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Silence between the Notes

Title: Silence between the Notes – Anthology of Partition Poetry

Selected, edited and introduced by Aftab Husain and Sarita Jenamani

Book Review by Namrata

Despite being more than seven decades old, Partition continues to be raw and unflinching. Endless books and movies have tried to capture its pain and enigma and yet there seems to be so much more that needs to be told about that one incident that changed so many lives, forever.

Silence between the Notes is an anthology of Partition poetry which includes contributions from Urdu, Punjabi, Sindhi, English, Hindi, Bengali and Kashmiri languages. It is a unique collection as this is the first book which is extensive, representative and inclusive of it all. Selected, edited and introduced by Aftab Husain and Sarita Jenamani, this anthology promises to bring forward the voices which had perhaps got lost somewhere in all the noise that followed Partition.

Sarita Jenamani is a poet based in Vienna who writes in English, Hindi and Odia, her mother tongue. A general secretary of the Austrian chapter of PEN international, she is also the co-editor and publisher of the bilingual literary magazine Words and Worlds.

An eminent name on modern Ghazal poetry from South Asia, Aftab Husain writes in Urdu, English and German. His poems have been translated into many languages. Apart from being a member of the Austrian chapter of PEN international, he is also the co-editor of the bilingual literary magazine, Words and Worlds.

When India was declared independent, the joyous news was also followed by the sad news of Partition of India into two countries, India and Pakistan. What followed was mass migration of lakhs of people as Muslims in India migrated to Pakistan while Hindus and Sikhs in Pakistan migrated to India, all in a hope for better tomorrow. Nobody knew how this supposed call for betterment led to so much blood shed on both the sides that till date, the cries and blood stains can be heard and seen.  Was it religion or was it politics, no one can say! All one can say is that the wound is too deep for even time to heal it.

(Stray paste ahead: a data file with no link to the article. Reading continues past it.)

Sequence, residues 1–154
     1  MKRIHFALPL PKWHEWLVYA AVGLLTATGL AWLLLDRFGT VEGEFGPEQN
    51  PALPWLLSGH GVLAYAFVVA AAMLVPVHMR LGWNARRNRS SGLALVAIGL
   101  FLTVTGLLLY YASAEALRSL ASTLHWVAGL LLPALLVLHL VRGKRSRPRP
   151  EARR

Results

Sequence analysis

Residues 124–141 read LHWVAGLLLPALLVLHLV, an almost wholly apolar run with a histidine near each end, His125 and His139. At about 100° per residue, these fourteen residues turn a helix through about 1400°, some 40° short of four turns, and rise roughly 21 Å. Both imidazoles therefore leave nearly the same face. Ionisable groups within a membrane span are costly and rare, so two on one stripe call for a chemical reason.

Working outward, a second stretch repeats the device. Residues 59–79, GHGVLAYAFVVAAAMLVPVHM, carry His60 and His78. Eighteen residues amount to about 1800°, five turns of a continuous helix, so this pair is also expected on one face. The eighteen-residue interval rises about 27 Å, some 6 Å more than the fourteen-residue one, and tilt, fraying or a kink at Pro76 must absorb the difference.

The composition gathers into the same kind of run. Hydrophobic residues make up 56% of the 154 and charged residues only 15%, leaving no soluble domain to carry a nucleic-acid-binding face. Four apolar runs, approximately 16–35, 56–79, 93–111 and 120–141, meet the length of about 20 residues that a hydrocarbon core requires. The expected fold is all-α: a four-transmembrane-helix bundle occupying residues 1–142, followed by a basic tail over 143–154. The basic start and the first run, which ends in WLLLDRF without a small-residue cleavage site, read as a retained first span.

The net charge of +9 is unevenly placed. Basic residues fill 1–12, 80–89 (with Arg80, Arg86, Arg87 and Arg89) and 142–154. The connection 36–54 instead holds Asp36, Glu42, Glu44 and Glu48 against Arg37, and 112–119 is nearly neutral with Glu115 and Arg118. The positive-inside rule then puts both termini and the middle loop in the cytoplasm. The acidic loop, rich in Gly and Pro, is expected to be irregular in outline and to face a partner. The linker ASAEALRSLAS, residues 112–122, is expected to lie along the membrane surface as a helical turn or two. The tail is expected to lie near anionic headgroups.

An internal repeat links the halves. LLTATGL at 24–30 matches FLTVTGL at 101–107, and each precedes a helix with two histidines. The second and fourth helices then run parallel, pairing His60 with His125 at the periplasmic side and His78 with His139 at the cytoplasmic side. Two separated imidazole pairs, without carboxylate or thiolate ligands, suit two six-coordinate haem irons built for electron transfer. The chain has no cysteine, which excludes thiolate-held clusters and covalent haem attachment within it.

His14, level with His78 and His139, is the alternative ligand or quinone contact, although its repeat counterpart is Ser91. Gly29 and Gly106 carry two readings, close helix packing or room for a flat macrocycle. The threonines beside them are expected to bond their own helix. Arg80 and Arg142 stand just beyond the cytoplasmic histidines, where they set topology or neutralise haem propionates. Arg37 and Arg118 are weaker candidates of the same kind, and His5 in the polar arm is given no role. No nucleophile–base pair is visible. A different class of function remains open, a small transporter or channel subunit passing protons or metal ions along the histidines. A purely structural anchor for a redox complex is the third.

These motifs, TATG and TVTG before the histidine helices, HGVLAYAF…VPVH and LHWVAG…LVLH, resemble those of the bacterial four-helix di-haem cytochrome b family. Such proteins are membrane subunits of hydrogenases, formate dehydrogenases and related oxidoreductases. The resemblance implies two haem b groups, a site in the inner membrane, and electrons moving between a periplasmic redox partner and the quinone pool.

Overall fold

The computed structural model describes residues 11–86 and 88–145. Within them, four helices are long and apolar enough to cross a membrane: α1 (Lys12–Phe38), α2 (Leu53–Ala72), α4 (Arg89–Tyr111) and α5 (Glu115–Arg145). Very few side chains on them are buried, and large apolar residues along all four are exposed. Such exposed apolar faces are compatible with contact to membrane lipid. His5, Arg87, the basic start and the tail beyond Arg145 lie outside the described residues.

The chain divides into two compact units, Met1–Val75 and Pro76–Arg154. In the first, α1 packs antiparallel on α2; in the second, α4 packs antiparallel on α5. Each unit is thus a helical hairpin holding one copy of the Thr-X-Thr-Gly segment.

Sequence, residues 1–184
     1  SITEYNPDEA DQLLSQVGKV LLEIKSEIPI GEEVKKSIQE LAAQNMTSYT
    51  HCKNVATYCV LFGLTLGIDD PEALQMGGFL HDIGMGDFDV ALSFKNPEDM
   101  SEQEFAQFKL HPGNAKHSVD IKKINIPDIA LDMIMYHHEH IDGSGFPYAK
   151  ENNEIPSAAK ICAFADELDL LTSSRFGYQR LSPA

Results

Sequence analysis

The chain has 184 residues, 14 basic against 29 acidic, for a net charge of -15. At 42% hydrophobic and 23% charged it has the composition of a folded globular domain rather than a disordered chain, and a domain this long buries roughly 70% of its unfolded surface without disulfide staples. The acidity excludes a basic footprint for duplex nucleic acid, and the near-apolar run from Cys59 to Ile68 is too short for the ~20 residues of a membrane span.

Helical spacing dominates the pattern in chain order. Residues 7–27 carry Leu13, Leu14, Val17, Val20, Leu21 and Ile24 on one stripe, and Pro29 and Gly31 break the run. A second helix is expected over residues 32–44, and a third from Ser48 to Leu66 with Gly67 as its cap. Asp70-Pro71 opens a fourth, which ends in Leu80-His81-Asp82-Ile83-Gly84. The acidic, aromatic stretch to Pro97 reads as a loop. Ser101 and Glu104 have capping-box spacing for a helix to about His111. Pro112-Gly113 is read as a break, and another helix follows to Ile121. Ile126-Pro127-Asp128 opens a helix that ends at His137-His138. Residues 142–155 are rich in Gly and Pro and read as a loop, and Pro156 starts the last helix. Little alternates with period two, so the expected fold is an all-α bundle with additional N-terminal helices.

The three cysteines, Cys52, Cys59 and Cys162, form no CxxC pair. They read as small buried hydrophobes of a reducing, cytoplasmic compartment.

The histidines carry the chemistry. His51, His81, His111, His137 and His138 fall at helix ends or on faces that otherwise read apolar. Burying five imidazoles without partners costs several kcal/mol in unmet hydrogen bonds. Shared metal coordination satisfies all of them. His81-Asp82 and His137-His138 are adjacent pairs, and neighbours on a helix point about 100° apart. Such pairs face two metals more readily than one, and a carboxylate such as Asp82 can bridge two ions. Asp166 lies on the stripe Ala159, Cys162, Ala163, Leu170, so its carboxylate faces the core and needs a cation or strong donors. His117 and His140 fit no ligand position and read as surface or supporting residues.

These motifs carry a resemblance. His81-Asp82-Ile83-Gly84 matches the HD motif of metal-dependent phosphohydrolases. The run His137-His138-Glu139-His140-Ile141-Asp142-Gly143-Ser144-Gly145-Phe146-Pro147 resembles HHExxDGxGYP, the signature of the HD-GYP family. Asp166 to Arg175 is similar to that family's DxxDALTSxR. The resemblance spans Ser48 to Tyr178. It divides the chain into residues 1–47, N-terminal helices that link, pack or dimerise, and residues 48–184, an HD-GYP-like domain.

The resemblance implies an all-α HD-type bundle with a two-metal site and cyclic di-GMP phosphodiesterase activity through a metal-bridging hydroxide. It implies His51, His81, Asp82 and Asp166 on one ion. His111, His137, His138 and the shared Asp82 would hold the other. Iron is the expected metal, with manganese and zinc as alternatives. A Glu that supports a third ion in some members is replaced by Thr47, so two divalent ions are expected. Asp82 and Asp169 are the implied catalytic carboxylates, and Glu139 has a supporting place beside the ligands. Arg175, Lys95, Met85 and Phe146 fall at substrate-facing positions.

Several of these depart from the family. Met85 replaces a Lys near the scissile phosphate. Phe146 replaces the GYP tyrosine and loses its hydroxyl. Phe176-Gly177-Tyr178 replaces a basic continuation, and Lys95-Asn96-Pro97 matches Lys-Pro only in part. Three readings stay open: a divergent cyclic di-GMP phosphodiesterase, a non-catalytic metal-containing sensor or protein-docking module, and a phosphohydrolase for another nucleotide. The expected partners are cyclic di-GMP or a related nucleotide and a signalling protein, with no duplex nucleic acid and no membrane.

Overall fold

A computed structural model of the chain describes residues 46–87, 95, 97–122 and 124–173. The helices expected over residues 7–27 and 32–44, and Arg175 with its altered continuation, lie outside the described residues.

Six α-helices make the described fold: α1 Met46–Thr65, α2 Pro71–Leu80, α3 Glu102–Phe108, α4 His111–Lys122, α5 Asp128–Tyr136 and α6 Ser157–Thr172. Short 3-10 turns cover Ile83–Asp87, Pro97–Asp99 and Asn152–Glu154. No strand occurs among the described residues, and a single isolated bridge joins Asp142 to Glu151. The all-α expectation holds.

My soul quivered at the sight of human blood, spilled here and there

Like beasts, men madly roamed at city’s every thoroughfare.

(‘The Partition’, Maikash Ambalvi)

Picking up gems from different languages ranging from Urdu and Kashmiri to Bengali and Sindhi, this collection of ninety-one poems is a heart-wrenching read. One cannot read this collection without feeling that pinch in their heart and sensing a lump in their throat on this poignant portrayal of the incidents that happened before, on and after Partition. The beauty, irrespective of the language they were written in and despite being translated, leaves one unnerved.

With works of stalwarts like Sahir Ludhianvi, Faiz Ahmed Faiz, Amrita Pritam, Agha Shahid Ali, Taslima Nasreen, Keki Daruwalla and many others featured therein, these poems are strung together with the thread of hope binding them. Taking us through the conflict they witnessed, heard or experienced, the poems in this collection make you witness the trauma inflicted upon through Partition. One can almost hear the sobs and feel that fear undergone through these pages.

Even in some of the darkest stanzas it is difficult to miss the tiny glimmer of hope in the hearts of the poets. Like that ladies who tied pillows on their waists and stomachs to protect themselves, or the one where they talk about how trains arrived at stations but the names of the places had been changed, leaving them unidentifiable. These poems talk endlessly about kind neighbours who took them in and protected them or that random stranger who had offered them food. There might be pain in their words and through ink, they might be giving form to their blood and tears shed at that time. However, their voices are trying hard to hold onto hope.  As Sarita Jenamani’s poem, ’70 years later’ begins,

‘August is the cruelest month

It drags us

To a butchery

Plastered with mirrors-

Mirrors of the ancestral rage’

And ends with,

‘August in a month of monsoon

And monsoon brings

A maze of hope’

If someone were to ask, whom did the Partition benefit, there would be pin-drop silence in response. This is the same eerie silence that reflects out in the title of the book ‘Silence between the notes’. Each poem, each stanza, every word is followed by a pause which is reverberating with questions but sadly, has no answers. This silence is also reminiscent within the moments when the reader pauses reading the book briefly after finishing one poem, just to regain composure and start reading it again.

Today, almost seventy years later, we are still at a point where the harsh memories of this incident have chained us and sadly, there are times, when we see the signs of it reoccurring around us clearly pushing us further down the abyss. The only thing that helps us stay afloat is that we have hope, for a better tomorrow, for a kinder world and for humanity to prevail above it all.

Namrata is a lost wanderer who loves travelling the length and breadth of the world. She lives amidst sepia toned walls, fuchsia curtains, fairy lights and shelves full of books. When not buried between the pages of a book, she loves blowing soap bubbles. A published author she enjoys capturing the magic of life in her words and is always in pursuit of a new country and a new story. She can be reached at privytrifles@gmail.com.

Disclaimer: The opinions expressed are solely that of the author.

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